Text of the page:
Up to 5% of patients with Raynaud's syndrome eventually develop an autoimmune rheumatic disease like
What are autoimmune rheumatic diseases
How is Raynaud's treated?
Some patients with primary Raynaud's and most with the condition secondary to an underlying autoimmune rheumatic disease require drug treatment. Medication appropriate to the individual patient should be discussed with a doctor.
A very good resource for understanding many aspects of Raynaud's is to contact the Raynaud's Association at Raynauds.org
Prevention & Care
Prevention measures are important in primary and secondary Raynaud's syndrome regardless of the severity. Initial simple care:
Keep the body warm, especially the extremities. (Products like FootHuggers and WristHuggers help keep extremities warm.)
Wear warm clothing in colder environments.
Keep room temperatures warm.
Avoid compression of the blood vessels by tight-fitting wristbands, rings or foot wear. Special care of nails is needed to avoid injuring sensitive toes and fingertip.
Smoking (and passive smoking) should be avoided as the chemicals in tobacco smoke can cause blood vessels to constrict and harden the arteries, which further impairs oxygen supply to the extremities.
Patients should guard hands and feet from direct trauma and wounds. Any wounds or infections need early treatment to prevent more serious infections. Avoiding emotional stresses and tools that vibrate the hand may reduce the frequency of attacks.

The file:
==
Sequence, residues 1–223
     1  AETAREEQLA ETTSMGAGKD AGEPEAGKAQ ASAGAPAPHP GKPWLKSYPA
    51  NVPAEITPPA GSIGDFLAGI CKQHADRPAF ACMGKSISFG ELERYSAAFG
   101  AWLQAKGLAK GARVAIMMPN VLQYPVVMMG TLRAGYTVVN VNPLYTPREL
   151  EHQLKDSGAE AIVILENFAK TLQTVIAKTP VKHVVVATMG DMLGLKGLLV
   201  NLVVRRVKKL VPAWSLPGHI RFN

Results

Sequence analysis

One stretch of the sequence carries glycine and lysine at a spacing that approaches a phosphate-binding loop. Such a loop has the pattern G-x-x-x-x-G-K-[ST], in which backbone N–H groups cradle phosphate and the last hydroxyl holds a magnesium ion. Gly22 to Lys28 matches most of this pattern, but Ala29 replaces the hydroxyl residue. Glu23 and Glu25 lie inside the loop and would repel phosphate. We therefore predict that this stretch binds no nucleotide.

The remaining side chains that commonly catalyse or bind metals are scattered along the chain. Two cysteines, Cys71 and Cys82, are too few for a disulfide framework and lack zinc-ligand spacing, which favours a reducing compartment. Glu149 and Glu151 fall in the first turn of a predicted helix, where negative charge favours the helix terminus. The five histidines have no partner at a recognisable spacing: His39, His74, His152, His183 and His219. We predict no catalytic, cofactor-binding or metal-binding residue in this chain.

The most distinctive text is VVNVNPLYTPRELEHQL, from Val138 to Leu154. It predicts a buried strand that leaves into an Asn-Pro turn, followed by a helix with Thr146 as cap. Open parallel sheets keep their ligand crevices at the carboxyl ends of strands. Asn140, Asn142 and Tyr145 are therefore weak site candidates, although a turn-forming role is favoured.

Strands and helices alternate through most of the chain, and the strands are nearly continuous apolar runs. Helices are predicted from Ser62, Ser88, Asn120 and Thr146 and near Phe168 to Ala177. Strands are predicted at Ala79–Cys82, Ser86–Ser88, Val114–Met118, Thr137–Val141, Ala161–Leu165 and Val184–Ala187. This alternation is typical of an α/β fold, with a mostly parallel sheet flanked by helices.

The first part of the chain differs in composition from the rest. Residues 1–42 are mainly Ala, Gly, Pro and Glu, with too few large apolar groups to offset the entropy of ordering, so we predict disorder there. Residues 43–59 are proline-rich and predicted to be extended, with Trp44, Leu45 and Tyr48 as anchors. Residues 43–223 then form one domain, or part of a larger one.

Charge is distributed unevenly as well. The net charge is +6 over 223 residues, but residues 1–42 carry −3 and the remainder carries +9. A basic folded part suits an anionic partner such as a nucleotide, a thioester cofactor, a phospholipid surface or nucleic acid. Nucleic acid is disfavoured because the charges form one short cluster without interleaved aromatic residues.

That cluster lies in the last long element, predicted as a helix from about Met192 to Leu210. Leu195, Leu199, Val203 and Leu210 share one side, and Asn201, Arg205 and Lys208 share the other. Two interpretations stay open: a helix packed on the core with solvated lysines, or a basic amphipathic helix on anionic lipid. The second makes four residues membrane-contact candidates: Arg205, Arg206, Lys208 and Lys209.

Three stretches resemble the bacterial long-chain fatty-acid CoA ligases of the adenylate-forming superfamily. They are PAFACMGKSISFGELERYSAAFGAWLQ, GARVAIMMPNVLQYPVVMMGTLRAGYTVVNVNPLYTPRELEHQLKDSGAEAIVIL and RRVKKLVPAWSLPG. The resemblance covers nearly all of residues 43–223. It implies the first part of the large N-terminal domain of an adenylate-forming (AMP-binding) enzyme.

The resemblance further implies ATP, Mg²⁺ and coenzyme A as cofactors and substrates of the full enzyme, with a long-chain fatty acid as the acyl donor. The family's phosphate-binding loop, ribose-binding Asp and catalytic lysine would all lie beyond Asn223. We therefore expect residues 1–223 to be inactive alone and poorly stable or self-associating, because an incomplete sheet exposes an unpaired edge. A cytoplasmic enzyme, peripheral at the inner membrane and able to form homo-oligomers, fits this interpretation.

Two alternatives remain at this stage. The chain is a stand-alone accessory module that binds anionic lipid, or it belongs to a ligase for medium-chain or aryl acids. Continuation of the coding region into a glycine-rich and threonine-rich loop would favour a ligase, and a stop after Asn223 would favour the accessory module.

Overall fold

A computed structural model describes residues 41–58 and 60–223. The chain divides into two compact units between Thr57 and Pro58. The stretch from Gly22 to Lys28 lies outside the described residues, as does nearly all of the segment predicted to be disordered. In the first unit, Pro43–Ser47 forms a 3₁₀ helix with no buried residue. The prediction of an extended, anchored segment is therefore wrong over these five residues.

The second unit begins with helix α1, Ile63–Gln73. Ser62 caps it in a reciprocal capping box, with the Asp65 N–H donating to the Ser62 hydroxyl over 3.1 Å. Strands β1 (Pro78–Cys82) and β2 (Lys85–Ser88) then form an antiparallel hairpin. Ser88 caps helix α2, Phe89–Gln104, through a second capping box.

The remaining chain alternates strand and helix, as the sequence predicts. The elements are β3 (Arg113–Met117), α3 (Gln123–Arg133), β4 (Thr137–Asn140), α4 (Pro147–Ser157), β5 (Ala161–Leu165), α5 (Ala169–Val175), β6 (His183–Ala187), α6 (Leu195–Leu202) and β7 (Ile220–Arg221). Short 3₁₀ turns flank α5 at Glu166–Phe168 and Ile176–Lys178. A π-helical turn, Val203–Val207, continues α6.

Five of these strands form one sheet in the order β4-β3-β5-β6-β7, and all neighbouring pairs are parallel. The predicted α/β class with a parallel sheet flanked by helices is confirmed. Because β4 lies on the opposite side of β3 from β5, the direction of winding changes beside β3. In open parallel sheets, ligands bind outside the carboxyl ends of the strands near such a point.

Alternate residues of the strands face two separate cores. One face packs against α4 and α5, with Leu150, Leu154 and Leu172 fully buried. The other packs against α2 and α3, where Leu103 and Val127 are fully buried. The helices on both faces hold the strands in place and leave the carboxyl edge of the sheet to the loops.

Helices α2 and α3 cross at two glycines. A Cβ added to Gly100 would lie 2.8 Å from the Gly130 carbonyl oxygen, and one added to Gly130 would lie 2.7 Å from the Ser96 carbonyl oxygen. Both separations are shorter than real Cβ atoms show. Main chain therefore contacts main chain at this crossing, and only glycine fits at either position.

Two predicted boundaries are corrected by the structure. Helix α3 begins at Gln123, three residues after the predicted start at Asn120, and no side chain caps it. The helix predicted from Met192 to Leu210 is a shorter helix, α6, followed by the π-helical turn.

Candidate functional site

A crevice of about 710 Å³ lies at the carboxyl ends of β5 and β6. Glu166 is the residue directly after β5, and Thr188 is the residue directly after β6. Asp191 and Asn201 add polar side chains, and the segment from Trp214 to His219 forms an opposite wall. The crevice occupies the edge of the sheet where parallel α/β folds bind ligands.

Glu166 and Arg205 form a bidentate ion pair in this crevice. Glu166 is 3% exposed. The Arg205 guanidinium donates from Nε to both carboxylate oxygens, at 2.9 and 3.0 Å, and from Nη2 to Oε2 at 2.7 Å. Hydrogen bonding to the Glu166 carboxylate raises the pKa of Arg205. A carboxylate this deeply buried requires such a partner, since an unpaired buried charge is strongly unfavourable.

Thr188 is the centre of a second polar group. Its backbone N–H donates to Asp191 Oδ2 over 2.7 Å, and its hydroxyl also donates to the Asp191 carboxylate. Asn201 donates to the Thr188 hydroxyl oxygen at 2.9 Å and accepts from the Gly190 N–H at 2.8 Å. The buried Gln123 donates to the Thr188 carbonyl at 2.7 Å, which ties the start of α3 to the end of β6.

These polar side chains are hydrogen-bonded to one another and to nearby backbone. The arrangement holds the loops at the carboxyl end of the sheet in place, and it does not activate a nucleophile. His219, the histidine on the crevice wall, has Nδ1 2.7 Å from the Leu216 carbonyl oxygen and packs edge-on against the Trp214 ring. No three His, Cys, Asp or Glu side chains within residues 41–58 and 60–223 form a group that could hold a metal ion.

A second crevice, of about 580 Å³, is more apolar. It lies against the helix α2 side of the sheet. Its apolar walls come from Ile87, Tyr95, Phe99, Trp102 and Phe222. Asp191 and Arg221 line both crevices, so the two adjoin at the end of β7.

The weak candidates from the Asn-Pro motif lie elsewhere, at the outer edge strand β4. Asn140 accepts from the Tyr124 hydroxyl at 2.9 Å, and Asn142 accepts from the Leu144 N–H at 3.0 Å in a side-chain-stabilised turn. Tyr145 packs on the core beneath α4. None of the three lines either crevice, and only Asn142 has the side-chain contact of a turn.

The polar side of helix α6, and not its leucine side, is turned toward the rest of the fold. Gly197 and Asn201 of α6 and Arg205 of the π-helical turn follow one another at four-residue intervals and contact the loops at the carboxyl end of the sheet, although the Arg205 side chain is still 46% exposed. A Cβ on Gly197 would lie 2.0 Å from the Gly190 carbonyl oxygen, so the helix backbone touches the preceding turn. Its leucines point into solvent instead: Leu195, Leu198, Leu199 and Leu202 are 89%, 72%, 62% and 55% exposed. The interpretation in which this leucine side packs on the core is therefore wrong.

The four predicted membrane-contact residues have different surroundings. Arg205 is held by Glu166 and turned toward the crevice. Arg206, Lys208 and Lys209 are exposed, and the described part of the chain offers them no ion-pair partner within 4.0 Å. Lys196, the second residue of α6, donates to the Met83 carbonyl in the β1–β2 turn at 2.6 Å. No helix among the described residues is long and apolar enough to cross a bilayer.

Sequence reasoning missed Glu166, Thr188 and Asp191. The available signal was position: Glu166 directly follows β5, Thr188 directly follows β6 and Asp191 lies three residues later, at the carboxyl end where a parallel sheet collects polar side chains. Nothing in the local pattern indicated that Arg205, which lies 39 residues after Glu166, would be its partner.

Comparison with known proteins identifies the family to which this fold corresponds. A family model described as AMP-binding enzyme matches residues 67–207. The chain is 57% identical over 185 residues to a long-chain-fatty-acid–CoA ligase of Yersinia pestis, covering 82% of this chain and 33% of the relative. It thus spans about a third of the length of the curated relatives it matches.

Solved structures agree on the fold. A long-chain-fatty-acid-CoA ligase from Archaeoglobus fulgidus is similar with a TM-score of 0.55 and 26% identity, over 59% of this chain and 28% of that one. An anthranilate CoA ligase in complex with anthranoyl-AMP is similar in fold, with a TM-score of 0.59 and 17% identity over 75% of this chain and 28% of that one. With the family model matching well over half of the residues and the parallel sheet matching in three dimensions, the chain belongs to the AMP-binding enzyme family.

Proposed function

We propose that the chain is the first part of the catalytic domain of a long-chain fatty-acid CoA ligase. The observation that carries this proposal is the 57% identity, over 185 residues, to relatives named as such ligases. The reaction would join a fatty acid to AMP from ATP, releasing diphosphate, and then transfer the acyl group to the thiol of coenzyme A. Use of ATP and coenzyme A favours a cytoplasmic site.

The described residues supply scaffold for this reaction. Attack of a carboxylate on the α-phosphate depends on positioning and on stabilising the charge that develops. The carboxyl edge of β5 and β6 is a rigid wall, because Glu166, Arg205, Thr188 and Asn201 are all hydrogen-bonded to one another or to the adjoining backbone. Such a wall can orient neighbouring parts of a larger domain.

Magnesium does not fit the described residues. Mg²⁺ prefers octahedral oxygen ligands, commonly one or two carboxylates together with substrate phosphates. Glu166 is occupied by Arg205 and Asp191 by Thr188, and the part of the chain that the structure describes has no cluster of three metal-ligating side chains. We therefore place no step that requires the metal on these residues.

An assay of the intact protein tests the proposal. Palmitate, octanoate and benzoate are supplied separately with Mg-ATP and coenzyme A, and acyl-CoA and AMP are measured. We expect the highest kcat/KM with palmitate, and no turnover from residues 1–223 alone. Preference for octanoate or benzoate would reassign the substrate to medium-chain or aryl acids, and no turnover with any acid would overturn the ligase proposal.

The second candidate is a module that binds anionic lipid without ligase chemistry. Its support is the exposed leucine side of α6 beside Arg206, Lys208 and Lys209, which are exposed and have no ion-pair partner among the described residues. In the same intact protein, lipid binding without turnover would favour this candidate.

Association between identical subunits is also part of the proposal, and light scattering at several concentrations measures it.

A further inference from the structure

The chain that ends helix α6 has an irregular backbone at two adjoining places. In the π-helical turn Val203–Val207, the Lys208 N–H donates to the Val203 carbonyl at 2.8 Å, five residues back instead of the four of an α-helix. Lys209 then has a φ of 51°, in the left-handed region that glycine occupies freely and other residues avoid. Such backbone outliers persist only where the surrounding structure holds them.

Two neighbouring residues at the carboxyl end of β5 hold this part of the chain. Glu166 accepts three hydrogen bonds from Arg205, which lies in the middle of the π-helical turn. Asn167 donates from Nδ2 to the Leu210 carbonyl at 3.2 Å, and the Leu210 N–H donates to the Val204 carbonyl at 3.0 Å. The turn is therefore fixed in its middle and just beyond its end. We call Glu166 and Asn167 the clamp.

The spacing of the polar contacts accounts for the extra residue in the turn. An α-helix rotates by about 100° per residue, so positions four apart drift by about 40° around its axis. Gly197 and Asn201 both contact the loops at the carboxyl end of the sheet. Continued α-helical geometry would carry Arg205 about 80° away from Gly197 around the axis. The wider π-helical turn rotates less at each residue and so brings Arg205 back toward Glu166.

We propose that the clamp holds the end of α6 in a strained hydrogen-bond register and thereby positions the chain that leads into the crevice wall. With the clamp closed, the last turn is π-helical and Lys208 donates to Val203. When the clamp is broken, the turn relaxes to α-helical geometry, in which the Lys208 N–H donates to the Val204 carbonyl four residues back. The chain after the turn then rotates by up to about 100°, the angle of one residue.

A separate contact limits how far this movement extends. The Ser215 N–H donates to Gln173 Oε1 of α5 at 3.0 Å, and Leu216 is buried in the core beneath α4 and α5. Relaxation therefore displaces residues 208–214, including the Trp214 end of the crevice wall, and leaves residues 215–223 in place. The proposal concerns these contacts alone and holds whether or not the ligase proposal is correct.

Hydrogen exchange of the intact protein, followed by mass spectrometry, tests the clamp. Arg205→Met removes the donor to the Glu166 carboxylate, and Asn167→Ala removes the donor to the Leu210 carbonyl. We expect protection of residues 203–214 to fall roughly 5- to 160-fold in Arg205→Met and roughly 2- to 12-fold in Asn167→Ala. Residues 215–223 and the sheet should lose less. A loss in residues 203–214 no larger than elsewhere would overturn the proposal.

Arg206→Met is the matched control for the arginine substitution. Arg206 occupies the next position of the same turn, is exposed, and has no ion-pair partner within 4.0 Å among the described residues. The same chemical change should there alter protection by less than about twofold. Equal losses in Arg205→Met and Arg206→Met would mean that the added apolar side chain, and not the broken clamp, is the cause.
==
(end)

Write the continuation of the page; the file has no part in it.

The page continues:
The Raynaud's Association has discovered and tested among their staff two products that can help. In fact, here is a webpage from their website: FootHuggers and WristHuggers
We found two wonderful products from a family-run company in Minnesota. Both are made of Polartec®, but the fabric is a thinner version than used for most apparel, keeping you dry, warm and comfy but without weight and bulk.
Foothuggers socks do a great job of keeping feet warm with a soft, cushiony, stretchy feel. While we've seen Polartec® socks before, these are so thin they actually take up less space than typical cotton socks, thus accommodating most shoes and avoiding that "stuffed in" feeling.
Each sock is individually hand sewn with flat seams that run along the sides of the foot, not across the toe which can be sensitive after severe Raynaud's attacks. And their body-hugging 4-way stretch material pulls moisture and sweat away, drying at least twice as fast as cotton to keep feet dry.
Can FootHuggers really help?
Dear John & Sarah.
We sent the FootHuggers Comfort Sock samples which you provided to a few of our Raynaud's members here in Cheshire, England who have real problems trying to keep their feet warm. Please find attached their evaluations and comments. As you will see the socks have been a resounding success - proving to be very popular with our sample of Raynaud's Syndrome sufferers.
Thank you for giving our Raynaud's & Scleroderma Association the opportunity to trial the socks.
Fiona, age 25-34, Crew sock. Results: Excellent; Very happy with the fit; Superb fit and very cozy; Once you've tried FootHuggers you will never want to wear any others; I would buy them.
Kathryn, age 25-34, Crew sock. Results: Excellent; Very happy with the fit; I like the soft material & ease of getting them on; FootHuggers kept my feet warm, which I usually find difficult with my Raynaud's. They helped to maintain the temperature of my feet which ended up helping my ulcers; I would buy them.
Melanie, age 35-44, Anklet sock. Results: Excellent; Very happy with the fit; They are so warm and snug fitting; FootHuggers are perfect. They hug your feet and keep them warm; I would buy them.
Anne, age 65+, Anklet sock. Results: Excellent; Very happy with the fit; Very comfy and warm; Most effective socks I've tried; I would buy them.